Tolstoy’s passionate and iconoclastic writings–on issues of faith, immortality, freedom, violence, and morality–reflect his intellectual search for truth and a religion firmly grounded in reality. The selection includes ‘A Confession,’ ‘Religion and Morality,’ ‘What Is Religion, and of What Does Its Essence Consist?,’ and ‘The Law of Love and the Law of Violence.’
For more than seventy years, Penguin has been the leading publisher of classic literature in the English-speaking world. With more than 1,700 titles, Penguin Classics represents a global bookshelf of the best works throughout history and across genres and disciplines. Readers trust the series to provide authoritative texts enhanced by introductions and notes by distinguished scholars and contemporary authors, as well as up-to-date translations by award-winning translators.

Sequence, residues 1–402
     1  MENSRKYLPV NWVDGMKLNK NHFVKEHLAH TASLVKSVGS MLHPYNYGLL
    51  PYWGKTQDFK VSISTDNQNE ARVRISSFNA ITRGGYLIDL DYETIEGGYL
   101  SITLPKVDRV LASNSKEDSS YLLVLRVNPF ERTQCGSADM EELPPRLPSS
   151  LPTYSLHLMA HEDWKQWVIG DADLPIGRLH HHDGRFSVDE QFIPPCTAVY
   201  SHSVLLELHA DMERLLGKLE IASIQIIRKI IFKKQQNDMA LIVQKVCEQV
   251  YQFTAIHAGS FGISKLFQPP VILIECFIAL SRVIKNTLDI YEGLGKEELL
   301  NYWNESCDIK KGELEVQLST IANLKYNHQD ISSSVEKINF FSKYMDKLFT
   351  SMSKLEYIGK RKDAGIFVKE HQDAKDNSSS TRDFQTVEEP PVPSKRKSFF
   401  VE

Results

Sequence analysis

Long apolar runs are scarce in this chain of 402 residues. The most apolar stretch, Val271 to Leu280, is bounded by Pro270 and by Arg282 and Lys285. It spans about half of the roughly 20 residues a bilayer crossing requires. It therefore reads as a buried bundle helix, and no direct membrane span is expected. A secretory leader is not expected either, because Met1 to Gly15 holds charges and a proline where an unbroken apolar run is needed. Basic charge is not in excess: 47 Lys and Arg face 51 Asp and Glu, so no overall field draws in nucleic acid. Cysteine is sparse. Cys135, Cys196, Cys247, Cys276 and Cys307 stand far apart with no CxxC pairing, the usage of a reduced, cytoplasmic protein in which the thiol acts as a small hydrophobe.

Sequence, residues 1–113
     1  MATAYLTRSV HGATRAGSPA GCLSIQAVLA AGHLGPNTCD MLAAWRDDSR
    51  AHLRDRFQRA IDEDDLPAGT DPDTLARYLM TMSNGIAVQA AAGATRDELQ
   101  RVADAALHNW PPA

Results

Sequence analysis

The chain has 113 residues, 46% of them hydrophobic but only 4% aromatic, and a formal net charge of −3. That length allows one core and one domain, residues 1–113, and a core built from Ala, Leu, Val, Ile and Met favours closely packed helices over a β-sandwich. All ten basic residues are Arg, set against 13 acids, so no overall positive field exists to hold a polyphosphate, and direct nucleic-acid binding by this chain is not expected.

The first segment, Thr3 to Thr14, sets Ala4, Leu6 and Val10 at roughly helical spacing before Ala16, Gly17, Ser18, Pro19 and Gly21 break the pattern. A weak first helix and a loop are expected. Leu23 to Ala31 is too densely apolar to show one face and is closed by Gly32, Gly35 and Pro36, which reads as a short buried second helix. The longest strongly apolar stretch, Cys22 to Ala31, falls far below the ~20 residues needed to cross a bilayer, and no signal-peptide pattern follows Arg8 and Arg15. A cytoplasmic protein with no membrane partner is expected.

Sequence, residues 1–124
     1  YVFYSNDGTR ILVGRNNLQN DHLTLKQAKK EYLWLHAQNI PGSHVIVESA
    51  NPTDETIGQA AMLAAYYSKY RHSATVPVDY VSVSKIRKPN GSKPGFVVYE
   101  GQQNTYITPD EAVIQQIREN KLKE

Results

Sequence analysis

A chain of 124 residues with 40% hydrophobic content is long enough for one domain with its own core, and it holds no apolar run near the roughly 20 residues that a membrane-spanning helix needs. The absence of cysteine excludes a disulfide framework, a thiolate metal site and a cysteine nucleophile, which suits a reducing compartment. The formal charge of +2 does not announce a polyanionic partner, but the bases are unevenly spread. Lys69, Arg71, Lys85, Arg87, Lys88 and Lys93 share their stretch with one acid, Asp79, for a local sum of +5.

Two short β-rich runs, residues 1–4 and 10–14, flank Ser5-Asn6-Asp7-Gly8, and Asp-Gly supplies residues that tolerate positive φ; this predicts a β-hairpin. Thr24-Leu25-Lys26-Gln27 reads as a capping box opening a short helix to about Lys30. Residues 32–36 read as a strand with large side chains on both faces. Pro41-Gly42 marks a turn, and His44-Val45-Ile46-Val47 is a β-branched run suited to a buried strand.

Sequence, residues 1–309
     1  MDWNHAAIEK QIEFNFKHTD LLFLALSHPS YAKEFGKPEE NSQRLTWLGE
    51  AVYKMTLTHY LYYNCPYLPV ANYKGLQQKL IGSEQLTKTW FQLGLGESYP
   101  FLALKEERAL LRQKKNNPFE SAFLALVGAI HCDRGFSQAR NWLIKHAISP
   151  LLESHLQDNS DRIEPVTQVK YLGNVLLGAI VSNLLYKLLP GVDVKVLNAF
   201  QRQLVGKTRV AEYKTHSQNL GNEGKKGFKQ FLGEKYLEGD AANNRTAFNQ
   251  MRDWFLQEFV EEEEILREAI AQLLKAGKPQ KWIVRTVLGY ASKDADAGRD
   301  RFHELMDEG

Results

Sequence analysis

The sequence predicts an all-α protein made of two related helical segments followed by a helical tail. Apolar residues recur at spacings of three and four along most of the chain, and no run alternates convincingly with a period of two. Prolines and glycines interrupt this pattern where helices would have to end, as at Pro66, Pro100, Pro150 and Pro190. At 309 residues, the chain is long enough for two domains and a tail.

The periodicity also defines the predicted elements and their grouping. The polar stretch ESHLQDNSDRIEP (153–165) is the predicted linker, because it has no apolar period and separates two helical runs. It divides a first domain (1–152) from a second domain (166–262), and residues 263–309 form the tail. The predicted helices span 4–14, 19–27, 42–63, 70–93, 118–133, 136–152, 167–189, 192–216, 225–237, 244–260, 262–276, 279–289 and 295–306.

Leo Tolstoy (1828–1910) was born in central Russia. After serving in the Crimean War, he retired to his estate and devoted himself to writing, farming, and raising his large family. His novels and outspoken social polemics brought him world fame.
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Table Of Contents
A Confession and Other Religious Writings Introduction A Confession What Is Religion and Of What Does Its Essence Consist? Religion and Morality The Law of Love and the Law of Violence Explanatory Notes